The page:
Is Spree Based on a True Story

If you’re still not able to get sufficient from Steve Harrington in the latest season of Stranger Things, there’s some positive and negative news to report. Good news: Spree is available on Hulu and stars Steve Harrington actor Joe Keery. The downside is that he’s an insane Uber driver who kills his passengers and streams the film via social networks.

This isn’t the adorable babysitter you’ve grown to love and adore. It’s a cocky self-centred killer. Written by Eugene Kotlyarenko, who also co-wrote the script along with Gene McHugh, this horror comedy premiered during the 20th Sundance Film Festival to mixed reviews. The basic premise of the film is: Kurt Kunkle really, really is determined to make it viral. He is able to find employment as a driver of a ride-share service and then film himself inflicting harm on his passengers using the free “water” that he gives them.

In this day and day and age of rideshares, in which we are all able to ride with strangers with no thought, it’s definitely an incredibly terrifying idea. With the bizarre home video camera and dash cam work — sort like The Blair Witch Project-It’s the kind of thing that seems as if it could actually be real. Particularly if someone on Tik Tok were to use an image from the Spree film and claim it to be authentic. But, rest assured knowing that Spree isn’t inspired by a real story.

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Are the characters in Spree inspired by a true or true story?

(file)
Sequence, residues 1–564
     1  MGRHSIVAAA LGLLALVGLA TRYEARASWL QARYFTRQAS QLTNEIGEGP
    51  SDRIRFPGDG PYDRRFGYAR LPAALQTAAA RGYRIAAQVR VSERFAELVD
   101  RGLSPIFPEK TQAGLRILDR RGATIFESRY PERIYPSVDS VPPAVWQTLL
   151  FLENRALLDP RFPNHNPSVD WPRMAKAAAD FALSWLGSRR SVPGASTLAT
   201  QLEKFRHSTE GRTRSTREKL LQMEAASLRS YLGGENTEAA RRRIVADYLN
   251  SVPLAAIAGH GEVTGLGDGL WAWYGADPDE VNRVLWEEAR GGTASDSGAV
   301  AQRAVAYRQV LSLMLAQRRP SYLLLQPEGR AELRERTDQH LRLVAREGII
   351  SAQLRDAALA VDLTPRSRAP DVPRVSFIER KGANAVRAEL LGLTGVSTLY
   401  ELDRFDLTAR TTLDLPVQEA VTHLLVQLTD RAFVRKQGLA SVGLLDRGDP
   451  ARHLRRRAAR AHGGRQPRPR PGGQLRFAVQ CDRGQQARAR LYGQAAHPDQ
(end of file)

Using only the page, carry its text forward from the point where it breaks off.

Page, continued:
No. Spree is a novel composed by screenwriters Eugene Kotlyarenko and Gene McHugh. It’s a film that is fictionalized by Hollywood and features Hollywood actors. While there are real-life tales about Uber drivers who have been found guilty of murder, however, there’s no actual “Uber driver murder spree” that is comparable to the storyline of Spree.

But, Keery did do an extensive amount of research on both Uber/Lyft drivers and social media influencers to prepare for the part. in the course of an interview with The Hollywood Reporter, Keery stated that he used rides every day for work in order to enter the mind of the driver and to be observant of “little habits [the drivers] may have in their manner of introducing themselves, and the things they say.”

In addition, although Keery didn’t mention particular influencers that drove his ego-driven character to his list, he did state that the director had sent him “a 35-45 minutes compilation video of the various individuals who led him to play the character.” Keery added that it was the people who didn’t succeed who helped him most. “People who are at or below the single in the single digits. They have a lot in common like Kurt as they’re trying to get some momentum.”

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While the story of Spree isn’t an actual story, it’s also real that Keery and Kotlyarenko made every effort in order to create a character that could seem real. It is safe to know you know that Kurt Kunkle isn’t out there waiting to take your ride-sharing request. Don’t believe everything you read via Tik Tok, kids.

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